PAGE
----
What is PubMed Central?

PubMed Central is an archive of full-text biomedical journal papers available online without a fee.  Papers on PubMed Central contain links to other scientific databases such as GenBank (https://www.ncbi.nlm.nih.gov/Genbank/) and PubChem (http://pubchem.ncbi.nlm.nih.gov/).  Papers collected under the Public Access Policy are archived on PubMed Central.  More information about PubMed Central is available at https://www.ncbi.nlm.nih.gov/pmc/about/faq.html.

What is the difference between a final peer-reviewed manuscript and final published article?

Final peer-reviewed manuscript: The Investigator's final manuscript of a peer-reviewed article accepted for journal publication, including all modifications from the peer review process.

Final published article: The journal's authoritative copy of the article, including all modifications from the publishing peer review process, copyediting and stylistic edits, and formatting changes.

What is the difference between the NIH Public Access Policy and Open Access?

The Public Access Policy ensures that the public has access to the peer-reviewed and published results of all NIH-funded research through PubMed Central (PMC).  United States and/or foreign copyright laws protect most of the papers in PMC; PMC provides access to them at no cost, much like a library does, under the principles of Fair Use. 

Generally, Open Access involves the use of a copyrighted document under a Creative Commons or similar license-type agreement that allows more liberal use (including redistribution) than the traditional principles of Fair Use.  Only a subset of the papers in PMC are available under such Open Access provisions.  See the PMC Copyright page, https://www.ncbi.nlm.nih.gov/pmc/about/copyright.html, for more information.

See the HSL's Open Access guide for more information about publishing in Open Access journals.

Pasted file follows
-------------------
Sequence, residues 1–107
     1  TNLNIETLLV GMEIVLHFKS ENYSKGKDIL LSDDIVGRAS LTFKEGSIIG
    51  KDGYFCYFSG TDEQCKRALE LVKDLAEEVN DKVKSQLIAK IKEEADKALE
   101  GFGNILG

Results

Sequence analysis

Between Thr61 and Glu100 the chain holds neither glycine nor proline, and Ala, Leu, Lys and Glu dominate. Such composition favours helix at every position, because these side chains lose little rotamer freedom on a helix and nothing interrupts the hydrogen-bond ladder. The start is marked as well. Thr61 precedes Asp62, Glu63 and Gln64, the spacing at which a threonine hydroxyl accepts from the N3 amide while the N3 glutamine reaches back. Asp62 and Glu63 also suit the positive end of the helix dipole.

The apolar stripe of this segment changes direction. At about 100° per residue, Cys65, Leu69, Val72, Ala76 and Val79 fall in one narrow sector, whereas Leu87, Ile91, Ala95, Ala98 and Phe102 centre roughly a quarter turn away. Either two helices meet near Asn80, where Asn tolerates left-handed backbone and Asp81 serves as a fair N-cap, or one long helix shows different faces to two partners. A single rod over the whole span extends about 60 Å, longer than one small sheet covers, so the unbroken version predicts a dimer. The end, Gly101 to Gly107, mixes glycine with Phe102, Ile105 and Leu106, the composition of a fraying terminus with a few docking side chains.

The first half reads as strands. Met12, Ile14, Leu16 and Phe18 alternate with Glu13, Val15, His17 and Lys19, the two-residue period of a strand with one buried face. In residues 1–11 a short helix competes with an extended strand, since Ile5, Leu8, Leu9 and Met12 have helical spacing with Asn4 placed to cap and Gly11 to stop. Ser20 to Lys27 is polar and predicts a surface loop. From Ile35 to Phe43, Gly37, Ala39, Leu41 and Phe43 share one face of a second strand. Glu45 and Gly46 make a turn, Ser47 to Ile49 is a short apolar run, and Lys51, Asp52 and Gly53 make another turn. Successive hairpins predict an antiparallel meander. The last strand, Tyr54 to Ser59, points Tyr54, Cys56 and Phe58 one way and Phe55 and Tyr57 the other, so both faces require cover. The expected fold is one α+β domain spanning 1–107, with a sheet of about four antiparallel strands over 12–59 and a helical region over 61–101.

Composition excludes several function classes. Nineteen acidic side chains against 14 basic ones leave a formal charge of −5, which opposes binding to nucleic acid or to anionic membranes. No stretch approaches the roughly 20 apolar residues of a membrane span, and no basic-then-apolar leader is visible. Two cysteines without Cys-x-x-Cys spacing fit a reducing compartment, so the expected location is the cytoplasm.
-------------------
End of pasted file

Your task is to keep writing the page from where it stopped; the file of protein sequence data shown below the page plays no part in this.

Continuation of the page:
What is the relationship between PubMed Central and the NIH Manuscript Submission system?

PubMed Central (PMC) is NIH’s digital journal archive, which gives the public access to papers at no cost.

The NIH Manuscript Submission system (NIHMS) takes in final peer-reviewed manuscripts covered by the NIH Public Access Policy and formats them for inclusion in PMC. You deposit the files for a final peer-reviewed manuscript (e.g., Microsoft Word document and figures) into the NIHMS. The files are converted to a standard PMC format, and then reviewed by you to confirm that the converted final peer-reviewed manuscript is faithful to the original. The NIHMS transfers the final peer-reviewed manuscript to PMC when it is ready to be made available publicly.

What is the NIHMS?

The National Institutes of Health (NIH) developed the NIH Manuscript Submission System (NIHMS) to facilitate the submission process of final, peer-reviewed manuscripts. NIHMS allows users to deposit and manage manuscripts. Manuscripts in a wide range of electronic word-processing formats can be submitted. Any additional files that contain figures, tables, or supplementary information should also be included with the manuscript. No further formatting of the manuscript is necessary beyond that required by the journal that has accepted the article.

In what format must I submit my manuscript?

Users should submit the complete text of their manuscript(s) along with any corresponding image files, table files, and/or supplementary materials that were submitted to the accepting journal. NIHMS supports a wide variety of file types (MS Word, Word Perfect, PDF, PowerPoint, Excel, etc.). Just as required by journals, high-resolution images should be submitted to ensure the best reproduction quality in PubMed Central. With the exception of supplementary materials, PubMed Central will convert the submitted images into standard file types.

Do I have to submit supplemental material?

Supplemental material that has been submitted to the accepting journal in support of the manuscript must be submitted. The NIHMS system has been developed to allow users to indicate supplemental files and upload them in conjunction with other manuscript files.

What is the language of the NIHMS submission statement that I must agree to?

Following is the Submission Statement for NIHMS which must be approved by the Principal Investigator after a manuscript has been submitted:

I am an author of this manuscript, and I am providing it to the National Institutes of Health (NIH) to make publicly available in PubMed Central [Embargo Length] after its official date of publication in the journal.

I confirm that: